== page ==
At the other end of the boat, the stern steps facilitate every type of water activity. Access from both the deck and cockpit is easy, and teak battens provide sure footing. The first, wide step serves as the access point for the engine. A cold-water shower is standard. The dinghy is secured on stainless davits between the hulls.
The long mainsheet traveler is aft of the cockpit and has a 4-to-1 purchase. Trimming the traveler is key to catamaran sailing, and the controls are well placed on the centerline in the back of the cockpit. A pair of side-by-side Harken 48.2 STs winches control the traveler and the mainsheet. The staysail leads are inboard on the cabintrunk and led to the cockpit. Primary genoa sheet winches are 56.2 ST Harkens, although an upgrade to an electric winch is a popular option. The fractionally rigged aluminum mast features double swept-back spreaders, and a luff track is equipped with rolling slides necessary for a full-batten main. Lazy jacks are standard and quite necessary to control the 1,119-square-foot main.
Lagoon offers four different interior arrangements, all similar but with slight differences. All plans include a magnificent saloon. One of the most appealing features of a catamaran is the spaciousness of the saloon as opposed the cavelike feel of a traditional monohull interior. By placing the galley down in the port hull, it is accurate to say the Lagoon 570's saloon is enormous. A circular table to port seats six comfortably, and an L-shaped settee aft to starboard bends around a teak coffee table. The navigation station is amidships, facing forward with a pullout seat. This is a great place to navigate as you have an unobstructed view forward and a decent view from side to side and aft through the cockpit. I can imagine when the boat is ripping along on a double-digit reach the navigator just might think he's in a plane not a boat.
Handsome teak bookshelves are to port while the entertainment center is to starboard. Our test boat placed a flush-mounted large-screen plasma television forward amidships and pushed the nav station out to starboard.
The 570's teak joinerwork is lovely, and the light PVC-foam-backed headliner just adds to the light and airy atmosphere. Four opening bridge ports provide terrific ventilation along with several deck hatches. Storage is in lockers below the bookshelves and under the settees. Efficient and effective halogen lighting is used throughout the boat.
The galley on most of the layouts is in the port hull gangway, or as they say in multihull speak, a galley-down arrangement. There are two stainless steel sinks, with storage and cutlery drawers opposite a four-burner stove and oven. A large, stand-up refrigerator and freezer is another advantage of a nonheeling catamaran. The owner's version features three double cabins, with the entire starboard side dedicated to the owner's cabin, a large sitting area, desk and several hanging lockers. Forward is a huge head with a private shower. The port side in this plan includes private double cabins each with a head and shower. A variation of this plan adds a small skipper's cabin just aft of the owner's cabin.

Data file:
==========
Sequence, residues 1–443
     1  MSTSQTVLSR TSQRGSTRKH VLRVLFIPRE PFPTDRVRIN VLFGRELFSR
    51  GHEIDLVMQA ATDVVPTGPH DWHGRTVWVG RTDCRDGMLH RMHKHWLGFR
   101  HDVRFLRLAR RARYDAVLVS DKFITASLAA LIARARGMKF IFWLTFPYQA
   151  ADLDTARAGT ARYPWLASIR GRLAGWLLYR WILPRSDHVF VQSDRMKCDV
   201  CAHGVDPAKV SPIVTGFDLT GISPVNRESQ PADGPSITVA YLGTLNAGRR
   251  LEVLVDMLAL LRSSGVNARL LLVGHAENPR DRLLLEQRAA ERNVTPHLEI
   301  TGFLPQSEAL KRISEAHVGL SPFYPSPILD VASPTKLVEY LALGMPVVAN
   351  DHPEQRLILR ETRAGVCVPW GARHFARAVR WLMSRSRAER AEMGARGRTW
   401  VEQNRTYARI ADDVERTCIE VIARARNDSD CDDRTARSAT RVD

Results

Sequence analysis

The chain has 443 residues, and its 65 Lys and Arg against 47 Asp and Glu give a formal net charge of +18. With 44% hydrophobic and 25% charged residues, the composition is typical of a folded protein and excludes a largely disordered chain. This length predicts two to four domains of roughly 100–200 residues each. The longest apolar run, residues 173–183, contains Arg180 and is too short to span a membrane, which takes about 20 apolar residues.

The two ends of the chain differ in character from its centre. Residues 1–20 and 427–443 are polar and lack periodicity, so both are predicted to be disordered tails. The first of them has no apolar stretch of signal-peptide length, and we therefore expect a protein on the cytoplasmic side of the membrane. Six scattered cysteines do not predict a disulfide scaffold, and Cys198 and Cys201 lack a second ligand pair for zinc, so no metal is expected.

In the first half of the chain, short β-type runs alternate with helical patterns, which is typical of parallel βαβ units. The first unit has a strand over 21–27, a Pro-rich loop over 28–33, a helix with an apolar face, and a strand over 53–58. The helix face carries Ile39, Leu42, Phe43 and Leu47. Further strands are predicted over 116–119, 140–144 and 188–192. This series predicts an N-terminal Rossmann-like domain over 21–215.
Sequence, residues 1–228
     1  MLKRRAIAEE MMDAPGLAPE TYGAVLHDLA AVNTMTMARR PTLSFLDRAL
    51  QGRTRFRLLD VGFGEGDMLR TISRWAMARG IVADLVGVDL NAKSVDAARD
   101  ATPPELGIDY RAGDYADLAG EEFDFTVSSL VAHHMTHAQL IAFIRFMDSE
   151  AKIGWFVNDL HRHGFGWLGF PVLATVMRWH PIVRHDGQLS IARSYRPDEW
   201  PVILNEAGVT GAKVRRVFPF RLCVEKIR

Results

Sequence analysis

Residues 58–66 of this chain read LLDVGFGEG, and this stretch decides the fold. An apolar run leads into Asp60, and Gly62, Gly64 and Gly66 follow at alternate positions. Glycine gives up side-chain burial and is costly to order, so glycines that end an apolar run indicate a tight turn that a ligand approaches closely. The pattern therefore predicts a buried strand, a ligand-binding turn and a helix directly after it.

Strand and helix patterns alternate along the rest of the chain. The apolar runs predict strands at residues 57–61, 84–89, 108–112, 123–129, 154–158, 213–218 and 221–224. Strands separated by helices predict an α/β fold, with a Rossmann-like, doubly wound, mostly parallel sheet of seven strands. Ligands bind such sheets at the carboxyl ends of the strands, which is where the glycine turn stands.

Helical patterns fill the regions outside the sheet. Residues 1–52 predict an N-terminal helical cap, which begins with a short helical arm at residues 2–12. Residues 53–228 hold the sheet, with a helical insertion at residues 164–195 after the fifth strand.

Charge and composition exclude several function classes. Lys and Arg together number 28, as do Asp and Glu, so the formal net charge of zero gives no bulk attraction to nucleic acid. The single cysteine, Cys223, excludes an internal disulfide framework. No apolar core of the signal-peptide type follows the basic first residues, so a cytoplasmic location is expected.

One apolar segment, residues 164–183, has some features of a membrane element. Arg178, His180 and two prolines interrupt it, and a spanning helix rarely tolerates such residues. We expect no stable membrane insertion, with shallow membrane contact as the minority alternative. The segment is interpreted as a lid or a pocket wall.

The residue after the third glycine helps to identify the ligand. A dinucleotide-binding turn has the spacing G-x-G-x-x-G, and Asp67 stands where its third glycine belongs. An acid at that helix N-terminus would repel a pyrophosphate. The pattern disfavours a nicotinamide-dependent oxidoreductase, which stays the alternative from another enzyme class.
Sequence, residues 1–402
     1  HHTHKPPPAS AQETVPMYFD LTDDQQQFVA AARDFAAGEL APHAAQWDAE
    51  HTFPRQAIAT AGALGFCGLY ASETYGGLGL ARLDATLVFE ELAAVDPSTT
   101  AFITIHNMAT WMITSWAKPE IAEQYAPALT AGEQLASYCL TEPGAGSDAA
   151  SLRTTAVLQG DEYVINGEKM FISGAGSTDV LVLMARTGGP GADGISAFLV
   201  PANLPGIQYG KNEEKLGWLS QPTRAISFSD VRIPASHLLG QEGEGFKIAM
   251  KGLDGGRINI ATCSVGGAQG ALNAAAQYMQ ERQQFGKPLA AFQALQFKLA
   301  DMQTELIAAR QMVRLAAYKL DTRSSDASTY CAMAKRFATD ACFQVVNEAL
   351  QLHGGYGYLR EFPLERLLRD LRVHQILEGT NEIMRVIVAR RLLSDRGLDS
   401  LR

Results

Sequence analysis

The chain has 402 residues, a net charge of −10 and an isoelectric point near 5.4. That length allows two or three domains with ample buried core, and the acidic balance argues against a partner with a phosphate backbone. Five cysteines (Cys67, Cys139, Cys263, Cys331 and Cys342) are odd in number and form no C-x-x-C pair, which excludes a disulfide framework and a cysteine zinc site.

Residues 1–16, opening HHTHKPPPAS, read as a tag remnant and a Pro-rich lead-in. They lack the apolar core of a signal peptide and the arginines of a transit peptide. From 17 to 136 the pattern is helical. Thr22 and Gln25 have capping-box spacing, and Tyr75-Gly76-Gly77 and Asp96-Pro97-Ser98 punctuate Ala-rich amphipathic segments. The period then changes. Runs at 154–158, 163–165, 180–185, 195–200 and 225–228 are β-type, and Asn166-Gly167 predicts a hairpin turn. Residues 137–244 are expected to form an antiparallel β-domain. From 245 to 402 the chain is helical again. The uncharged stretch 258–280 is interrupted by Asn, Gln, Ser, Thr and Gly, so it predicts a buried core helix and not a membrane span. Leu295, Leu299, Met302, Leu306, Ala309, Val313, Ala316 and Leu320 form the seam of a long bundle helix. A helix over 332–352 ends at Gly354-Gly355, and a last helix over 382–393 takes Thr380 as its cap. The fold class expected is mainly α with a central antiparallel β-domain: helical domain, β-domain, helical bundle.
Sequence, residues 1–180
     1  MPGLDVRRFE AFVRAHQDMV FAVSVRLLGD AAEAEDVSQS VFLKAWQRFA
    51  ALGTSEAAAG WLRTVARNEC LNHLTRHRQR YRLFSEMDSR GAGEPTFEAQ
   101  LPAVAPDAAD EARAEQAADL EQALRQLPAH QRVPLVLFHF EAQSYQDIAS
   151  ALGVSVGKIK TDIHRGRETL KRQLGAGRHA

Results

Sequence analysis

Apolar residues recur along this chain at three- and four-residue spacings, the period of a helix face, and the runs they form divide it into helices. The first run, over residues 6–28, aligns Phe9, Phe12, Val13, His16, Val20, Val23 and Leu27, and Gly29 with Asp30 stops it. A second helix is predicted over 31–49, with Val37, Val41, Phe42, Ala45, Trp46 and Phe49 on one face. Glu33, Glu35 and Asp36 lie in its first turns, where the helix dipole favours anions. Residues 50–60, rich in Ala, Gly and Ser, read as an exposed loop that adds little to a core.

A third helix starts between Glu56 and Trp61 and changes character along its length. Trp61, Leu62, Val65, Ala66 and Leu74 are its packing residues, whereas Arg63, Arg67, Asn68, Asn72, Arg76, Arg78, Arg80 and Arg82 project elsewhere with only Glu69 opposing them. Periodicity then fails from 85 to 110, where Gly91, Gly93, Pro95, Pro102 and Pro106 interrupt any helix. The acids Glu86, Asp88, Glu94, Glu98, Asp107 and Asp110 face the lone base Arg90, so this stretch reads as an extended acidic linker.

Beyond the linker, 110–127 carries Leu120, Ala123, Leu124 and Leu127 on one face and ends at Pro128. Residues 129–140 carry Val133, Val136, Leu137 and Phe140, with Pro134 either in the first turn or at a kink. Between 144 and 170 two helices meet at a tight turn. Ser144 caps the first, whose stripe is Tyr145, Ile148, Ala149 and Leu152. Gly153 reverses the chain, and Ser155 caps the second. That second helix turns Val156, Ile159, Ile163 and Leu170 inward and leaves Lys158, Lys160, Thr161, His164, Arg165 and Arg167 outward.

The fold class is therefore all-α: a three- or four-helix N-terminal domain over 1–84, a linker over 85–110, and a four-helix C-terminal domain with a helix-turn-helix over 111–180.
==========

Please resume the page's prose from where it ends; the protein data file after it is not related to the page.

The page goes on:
The charter version features five double cabins and five heads, with the galley to port. An alternative galley-up plan places the galley to starboard in the saloon with four double cabins and a single skipper cabin in the port gangway. Despite the plethora of sleeping cabins in all of the interior plans, there is sense of spaciousness throughout the boat. Storage is usually located in drawers under the bunks, a better idea than trying to access large lockers located beneath heavy cushions. The heads are white molded units with teak shower grates. The standard water capacity is 234 gallons in two tanks. Obviously a watermaker is necessary to keep five showers running.
The Lagoon 570 comes standard with a 56-horsepower Yanmar diesel in each hull. While these engines provide plenty of punch and good fuel economy, optional power plants with up to 100-horsepower in each hull can deliver performance that will make powerboaters envious. Access to the engines is from a locker on the top stern step-ideal unless the weather is foul. Saildrives eliminate the need for a shaft and stuffing box, reducing the space needed for mounting engines. Fuel capacity is 200 gallons in two tanks, which should translate into a 500-mile-plus range.
In general, catamarans handle extremely well under power, and the new Lagoon 570 is no exception. Bladen said that maneuvering the boat into tight spots is easier than with a comparable 40-foot monohull. I know what he means. One of my skippering highlights was backing a 42-foot catamaran into a very narrow opening between two classic schooners along the quay in the port of Menemsha on Martha's Vineyard. The skipper of the Alden schooner eyed me nervously, but Sen. Ted Kennedy had nothing to worry about. With engines placed well outboard and little water resistance, the cat handled beautifully under power-it just took learning the knack of handling twin screws.
Setting my drink on the table, which always seems sacrilegious to an old monohull sailor like me, I took the helm. I brought the boat up onto a close reach, and with apparent winds of 12 knots, we touched 9 on the speedo. We were sailing with the genoa and staysail, and coming up a bit farther, I was impressed that we could keep the speed up while sailing at 50 degrees apparent. The helm was light and balanced. Coming through the wind is slower on a multihull than with a monohull, and for best results requires a little backing of the headsail, but the quick acceleration makes up for slow tacking. According to the skipper, the 570 reaches at around 8 knots in 10 knots true, and easily hits more than 10 knots in a 20-knot wind.
"First reef comes in around 20 knots," Bladen said.
Falling off the wind, we set the gennaker and were able to keep the boat moving despite a fading breeze. A nice design feature of a cat with an LOA of 57 feet is that the bridgedeck clearance is high enough to keep choppy seas from slapping underneath. I relinquished the helm to a potential buyer from Pennsylvania. The man, in his 40s, was contemplating the 570 for a world cruise. "What other boats have you owned?," I asked. "None, this will be the first one." Surprised, I asked if he felt the boat was a bit big for a first boat. "No, not really, we need the space."
While I might not recommend buying a Lagoon for a first boat, I would strongly recommend it to sailors looking for a world-class yacht ready to set sail on a world-class cruise.